A particle of difference

Uma Shankar and Alexis Zubrow know all too well that what you breathe can be hazardous to your health. The two are research associates at the Institute for the Environment at UNC Chapel Hill who study atmospheric pollutants such as particulate matter and ozone and how technology tools can be used to help decision makers understand their properties and make informed decisions related to human health and environmental quality. With help from RENCI, they are now able to “see” microscopic pollutant particles (particulate matter, or PM) and examine how PM populations are distributed in size and how their physical characteristics change over time.

“We had a need to visualize atmospheric PM in specific ways,” said Shankar, who is the principal investigator on a NASA-funded project to use satellite and ground-based data to improve air quality decision support tools. “We turned to RENCI because it was beyond our capability to visualize some of its multi-dimensional aspects.”

RENCI senior software developer Steve Chall and senior visualization researcher David Borland created a tool called Visualize Particulate Matter (VPM) to investigate the behavior of pollutants in a visual framework. VPM takes data from computer models of PM populations and presents it visually, so the researchers can see how PM properties—their number, surface area and volume concentration, for example—change over time.  The VPM user can interactively track the pathways of PM plumes across geographic areas while examining how these particle properties change as they disperse outward from power plant stacks and other emission sources.


A still of the RENCI-developed Visualize Particulate Matter (VPM) software tool demonstrating the size distribution of pollutants in a visual framework.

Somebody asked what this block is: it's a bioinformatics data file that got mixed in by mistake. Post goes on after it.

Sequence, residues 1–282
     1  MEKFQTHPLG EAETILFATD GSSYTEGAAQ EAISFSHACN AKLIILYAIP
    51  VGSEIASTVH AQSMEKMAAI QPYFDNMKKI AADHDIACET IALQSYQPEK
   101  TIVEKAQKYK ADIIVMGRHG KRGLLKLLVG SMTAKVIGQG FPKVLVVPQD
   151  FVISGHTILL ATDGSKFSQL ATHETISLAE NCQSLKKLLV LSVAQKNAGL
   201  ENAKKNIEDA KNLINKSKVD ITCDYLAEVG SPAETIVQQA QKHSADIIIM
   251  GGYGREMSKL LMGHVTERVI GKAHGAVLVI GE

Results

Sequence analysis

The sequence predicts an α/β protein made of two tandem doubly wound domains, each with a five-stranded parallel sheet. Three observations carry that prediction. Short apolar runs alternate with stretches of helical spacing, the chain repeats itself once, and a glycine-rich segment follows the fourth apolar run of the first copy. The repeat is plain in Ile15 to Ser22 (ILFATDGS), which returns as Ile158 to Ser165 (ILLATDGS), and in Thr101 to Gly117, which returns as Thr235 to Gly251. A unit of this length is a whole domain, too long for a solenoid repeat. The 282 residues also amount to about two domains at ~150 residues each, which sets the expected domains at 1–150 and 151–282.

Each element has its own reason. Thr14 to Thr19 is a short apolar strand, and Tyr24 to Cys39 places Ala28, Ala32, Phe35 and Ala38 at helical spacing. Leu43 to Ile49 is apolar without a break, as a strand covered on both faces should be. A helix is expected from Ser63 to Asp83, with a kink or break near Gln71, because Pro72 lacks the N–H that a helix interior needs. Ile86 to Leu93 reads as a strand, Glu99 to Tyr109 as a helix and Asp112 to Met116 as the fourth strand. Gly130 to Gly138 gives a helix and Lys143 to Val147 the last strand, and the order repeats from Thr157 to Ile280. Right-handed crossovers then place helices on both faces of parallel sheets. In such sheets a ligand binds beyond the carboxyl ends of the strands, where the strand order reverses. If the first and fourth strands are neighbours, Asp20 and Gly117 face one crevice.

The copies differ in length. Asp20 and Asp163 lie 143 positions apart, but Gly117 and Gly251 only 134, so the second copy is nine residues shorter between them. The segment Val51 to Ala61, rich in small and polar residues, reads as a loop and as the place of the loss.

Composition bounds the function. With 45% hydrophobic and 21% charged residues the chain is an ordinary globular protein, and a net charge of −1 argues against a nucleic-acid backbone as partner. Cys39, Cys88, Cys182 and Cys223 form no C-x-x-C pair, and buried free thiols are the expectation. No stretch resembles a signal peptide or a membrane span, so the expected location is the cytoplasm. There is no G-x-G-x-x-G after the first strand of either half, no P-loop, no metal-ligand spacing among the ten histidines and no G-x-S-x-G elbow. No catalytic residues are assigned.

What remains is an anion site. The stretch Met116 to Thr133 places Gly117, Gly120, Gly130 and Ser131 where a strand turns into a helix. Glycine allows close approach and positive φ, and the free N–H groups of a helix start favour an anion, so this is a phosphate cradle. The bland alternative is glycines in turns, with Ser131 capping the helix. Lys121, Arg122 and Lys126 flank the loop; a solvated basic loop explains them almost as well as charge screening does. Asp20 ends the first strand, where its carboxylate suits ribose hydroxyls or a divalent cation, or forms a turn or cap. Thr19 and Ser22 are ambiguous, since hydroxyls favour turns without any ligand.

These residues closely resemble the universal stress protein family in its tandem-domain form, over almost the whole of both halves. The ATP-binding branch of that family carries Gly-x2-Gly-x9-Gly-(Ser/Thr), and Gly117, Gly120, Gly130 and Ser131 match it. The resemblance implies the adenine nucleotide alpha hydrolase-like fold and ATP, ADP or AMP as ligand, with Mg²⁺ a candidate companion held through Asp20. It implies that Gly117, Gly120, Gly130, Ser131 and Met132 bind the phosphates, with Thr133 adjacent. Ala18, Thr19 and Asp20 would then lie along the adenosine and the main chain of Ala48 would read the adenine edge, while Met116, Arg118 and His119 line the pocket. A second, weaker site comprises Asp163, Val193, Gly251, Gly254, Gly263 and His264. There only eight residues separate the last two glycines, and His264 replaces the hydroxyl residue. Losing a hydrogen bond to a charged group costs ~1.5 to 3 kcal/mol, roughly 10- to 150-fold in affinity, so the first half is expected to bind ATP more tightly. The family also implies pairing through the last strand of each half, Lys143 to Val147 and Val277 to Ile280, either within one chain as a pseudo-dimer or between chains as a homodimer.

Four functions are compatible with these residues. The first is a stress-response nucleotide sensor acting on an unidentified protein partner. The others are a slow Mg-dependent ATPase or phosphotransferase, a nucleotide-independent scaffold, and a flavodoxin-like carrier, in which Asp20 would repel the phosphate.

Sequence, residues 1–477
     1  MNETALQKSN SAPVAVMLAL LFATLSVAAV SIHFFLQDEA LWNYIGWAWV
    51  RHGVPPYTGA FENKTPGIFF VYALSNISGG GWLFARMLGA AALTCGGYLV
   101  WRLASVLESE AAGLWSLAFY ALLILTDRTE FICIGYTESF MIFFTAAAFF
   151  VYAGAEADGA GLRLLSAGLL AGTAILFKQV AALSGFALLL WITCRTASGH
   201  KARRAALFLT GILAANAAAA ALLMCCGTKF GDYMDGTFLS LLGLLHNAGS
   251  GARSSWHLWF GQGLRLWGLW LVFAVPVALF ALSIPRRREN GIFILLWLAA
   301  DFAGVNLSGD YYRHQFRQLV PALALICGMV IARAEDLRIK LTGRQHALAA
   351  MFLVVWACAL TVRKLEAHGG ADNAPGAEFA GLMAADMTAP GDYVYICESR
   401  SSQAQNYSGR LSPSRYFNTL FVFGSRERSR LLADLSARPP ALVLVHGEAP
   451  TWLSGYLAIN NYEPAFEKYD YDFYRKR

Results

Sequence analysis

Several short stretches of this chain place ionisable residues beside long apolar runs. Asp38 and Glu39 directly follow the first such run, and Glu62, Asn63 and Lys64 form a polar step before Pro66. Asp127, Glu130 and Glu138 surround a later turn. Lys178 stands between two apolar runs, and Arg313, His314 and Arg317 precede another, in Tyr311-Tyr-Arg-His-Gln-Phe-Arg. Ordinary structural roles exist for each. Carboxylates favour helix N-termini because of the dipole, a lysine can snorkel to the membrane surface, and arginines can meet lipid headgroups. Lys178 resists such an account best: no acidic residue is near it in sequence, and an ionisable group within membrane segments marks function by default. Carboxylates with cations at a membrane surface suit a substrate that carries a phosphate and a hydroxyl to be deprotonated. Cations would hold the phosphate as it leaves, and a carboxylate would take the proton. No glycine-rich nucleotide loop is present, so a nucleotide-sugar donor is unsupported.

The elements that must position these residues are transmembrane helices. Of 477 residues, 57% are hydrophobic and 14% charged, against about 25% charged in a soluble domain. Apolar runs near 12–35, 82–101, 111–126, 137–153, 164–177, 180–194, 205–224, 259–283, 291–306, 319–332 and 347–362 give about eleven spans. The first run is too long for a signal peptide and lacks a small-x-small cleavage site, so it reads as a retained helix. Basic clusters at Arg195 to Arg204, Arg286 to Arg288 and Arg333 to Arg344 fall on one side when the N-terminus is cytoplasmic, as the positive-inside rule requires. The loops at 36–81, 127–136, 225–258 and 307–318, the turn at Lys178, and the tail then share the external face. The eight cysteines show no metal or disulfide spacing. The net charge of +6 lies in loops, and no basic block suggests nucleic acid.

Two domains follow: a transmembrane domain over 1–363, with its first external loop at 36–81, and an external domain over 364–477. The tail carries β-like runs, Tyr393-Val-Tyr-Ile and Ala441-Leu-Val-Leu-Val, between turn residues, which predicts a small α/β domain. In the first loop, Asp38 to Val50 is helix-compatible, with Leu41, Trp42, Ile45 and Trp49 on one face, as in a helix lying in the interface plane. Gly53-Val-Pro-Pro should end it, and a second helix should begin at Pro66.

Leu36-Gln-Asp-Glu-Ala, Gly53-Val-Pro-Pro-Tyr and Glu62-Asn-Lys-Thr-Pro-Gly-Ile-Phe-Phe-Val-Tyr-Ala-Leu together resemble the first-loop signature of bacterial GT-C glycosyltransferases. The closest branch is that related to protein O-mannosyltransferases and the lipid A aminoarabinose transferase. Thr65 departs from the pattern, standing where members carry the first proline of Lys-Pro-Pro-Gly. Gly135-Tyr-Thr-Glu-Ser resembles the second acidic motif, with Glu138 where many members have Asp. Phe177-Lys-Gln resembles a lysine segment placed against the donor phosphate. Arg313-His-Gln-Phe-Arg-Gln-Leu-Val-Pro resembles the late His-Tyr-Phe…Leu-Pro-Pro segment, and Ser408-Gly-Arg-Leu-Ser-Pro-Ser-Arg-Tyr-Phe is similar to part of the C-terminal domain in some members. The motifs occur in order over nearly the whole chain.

Moreover, VPM allows model simulations of PM distributions to be overlaid with observed distributions from field instruments, enabling researchers to evaluate the accuracy of the models.

“It’s easy to visualize a single pollutant metric with our existing tools, but being able to visualize the complex chemistry, microphysics and atmospheric transport processes of PM as a composite animation, this is something that we haven’t been able to do ourselves and because we lacked the tools,” said Zubrow.

Development of the VPM application that runs on a Linux server is nearly complete and the research team is developing a web application that will integrate VPM into a larger Web-based system called Visibility Information Exchange Web System (VIEWS). VIEWS includes a variety of tools and data aimed at improving air quality decision-making.  Researchers and decision makers in government agencies and planning organizations use VIEWS to help assess and implement emission standards designed to protect human health.

Shankar expects VPM to be beta tested by VIEWS end users at the U.S. Environmental Protection Agency, the National Park Service, and other agencies over the next few months.  Agency personnel regularly discuss what metrics need to be considered when determining fine particle emission standards to safeguard public health and VPM will allow them for the first time to see animated visualizations of some of these metrics.

“There is still much discussion about which PM properties are responsible for adverse health effects,” said Shankar.  “VPM will provide a more effective tool to understand those health impacts and develop policy.”

*This project is funded by the National Aeronautics and Space Administration grant number NNX08AL28G